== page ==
Optimizing your website for SEO may seem like a difficult task, and each year Google updates their algorithms between 500-600 times.
How can a small website keep up?
The good news for many smaller websites is that the biggest rules of SEO on Google haven’t changed much. According to Google’s Andrey Lippasey, the two most important ranking factors are content and links.
While both content and links can help multiple businesses rank in their niche, they’re especially good for directories. Here’s why…
SEO Rule #1: Links
Links are certainly not the only factor involved in improving your SEO ranking, but high-ranking sites do have link building to thank for their authority.
By using links, search engines are able to analyze the popularity of a site as well as the ones linking to it. If it deems the links “trustworthy”, the site is more popular, and therefore ranks higher in search results.
There are essentially two types of link-building best practices that can help this along: external and internal.
Internal links – like linking one page of your site to another – help the architecture of your site and point Google’s crawlers to important pieces of information on your site that someone might be looking for.
External links, on the other hand, happen when other websites link to your pages. They offer more authority than internal links, especially if the site linking to you is considered trustworthy.
The reason external links improve ranking so much better than internal ones is due to the difficulty of receiving them. They’re like third-party votes: they’re simply harder to manipulate, so if you’ve got them, your rank will improve.
And unlike traffic, they’re easily measurable, so Google’s algorithms can quickly detect the popularity and relevancy of your site based on external links.
What This Means for Directories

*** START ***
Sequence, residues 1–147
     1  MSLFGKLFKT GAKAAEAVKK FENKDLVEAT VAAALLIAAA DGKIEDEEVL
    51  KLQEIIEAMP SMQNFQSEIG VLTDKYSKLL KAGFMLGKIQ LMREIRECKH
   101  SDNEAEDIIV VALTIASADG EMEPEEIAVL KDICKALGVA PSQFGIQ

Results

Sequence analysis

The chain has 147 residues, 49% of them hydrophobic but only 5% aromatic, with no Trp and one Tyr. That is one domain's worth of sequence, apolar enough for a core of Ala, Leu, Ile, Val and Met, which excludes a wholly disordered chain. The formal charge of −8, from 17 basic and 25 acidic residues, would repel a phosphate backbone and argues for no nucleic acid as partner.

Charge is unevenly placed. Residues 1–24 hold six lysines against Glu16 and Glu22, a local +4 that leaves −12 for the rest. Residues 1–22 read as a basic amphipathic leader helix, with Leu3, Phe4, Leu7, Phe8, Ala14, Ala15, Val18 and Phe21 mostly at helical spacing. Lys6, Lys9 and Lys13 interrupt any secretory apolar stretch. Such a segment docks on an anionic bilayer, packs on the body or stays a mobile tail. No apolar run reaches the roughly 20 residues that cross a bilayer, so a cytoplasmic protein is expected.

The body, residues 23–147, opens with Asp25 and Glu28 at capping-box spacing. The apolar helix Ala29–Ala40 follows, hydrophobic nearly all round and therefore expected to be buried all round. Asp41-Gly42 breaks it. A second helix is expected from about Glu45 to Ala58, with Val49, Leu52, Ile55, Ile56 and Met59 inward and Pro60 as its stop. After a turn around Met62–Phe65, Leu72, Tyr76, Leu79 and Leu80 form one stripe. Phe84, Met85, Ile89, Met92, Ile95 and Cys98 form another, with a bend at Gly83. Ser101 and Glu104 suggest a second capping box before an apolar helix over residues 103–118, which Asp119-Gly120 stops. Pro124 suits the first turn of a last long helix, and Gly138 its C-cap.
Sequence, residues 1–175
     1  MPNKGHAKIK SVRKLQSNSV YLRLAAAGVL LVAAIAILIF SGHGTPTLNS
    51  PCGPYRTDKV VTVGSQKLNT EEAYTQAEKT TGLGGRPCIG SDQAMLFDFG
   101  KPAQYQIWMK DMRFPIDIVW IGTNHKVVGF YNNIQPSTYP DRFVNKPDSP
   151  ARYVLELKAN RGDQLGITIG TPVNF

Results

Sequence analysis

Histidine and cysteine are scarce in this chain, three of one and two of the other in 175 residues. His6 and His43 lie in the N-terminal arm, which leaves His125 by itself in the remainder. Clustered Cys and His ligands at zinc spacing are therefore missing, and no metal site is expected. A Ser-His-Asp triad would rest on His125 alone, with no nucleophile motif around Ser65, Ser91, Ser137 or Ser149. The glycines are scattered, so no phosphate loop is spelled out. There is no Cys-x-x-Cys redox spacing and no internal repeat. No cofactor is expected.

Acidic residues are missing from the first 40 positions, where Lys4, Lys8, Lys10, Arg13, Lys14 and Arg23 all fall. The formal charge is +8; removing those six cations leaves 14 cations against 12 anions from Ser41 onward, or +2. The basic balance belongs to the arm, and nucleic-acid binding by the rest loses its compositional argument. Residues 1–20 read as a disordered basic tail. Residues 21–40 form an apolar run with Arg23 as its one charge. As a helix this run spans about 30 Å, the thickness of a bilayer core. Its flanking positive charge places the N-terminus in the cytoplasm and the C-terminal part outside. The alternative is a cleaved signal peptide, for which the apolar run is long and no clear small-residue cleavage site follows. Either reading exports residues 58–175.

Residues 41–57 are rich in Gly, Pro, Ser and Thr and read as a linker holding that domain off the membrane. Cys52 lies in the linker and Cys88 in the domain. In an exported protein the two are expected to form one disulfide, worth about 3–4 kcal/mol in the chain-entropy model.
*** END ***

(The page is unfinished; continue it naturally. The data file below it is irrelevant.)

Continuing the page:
So how does this affect your directory? Your site is built on the foundation of links.
Businesses can list on your site for many reasons, including visibility, but your directory also offers them SEO link building to boost their rankings. But this also works both ways. If other businesses or directories feature your site, you have a better chance of standing out on the results page.
But again, the power of SEO link building only works if both your site and the other site (business, directory, etc.) is trustworthy. If you’re featured somewhere else, you want to ask:
- Is this site moderated?
- Is my link just one in a thousand or does it stand out?
- Is my link on a relevant page with relevant keywords?
- Am I featured in the right category?
- Does this page actually get traffic?
All of those things go into determining whether or not a site is trustworthy and whether or not Google counts those links toward an SEO ranking. If your links are deemed unnatural, they might not count.
SEO Rule #2: Content
The second rule for high-ranking SEO is content, and yes, content applies to directories just as much as any other site.
Content is not necessarily limited to blogging or other forms of content marketing. Content simply means “any information that lives on the web and can be consumed.” Any type of content can be used to improve SEO rankings.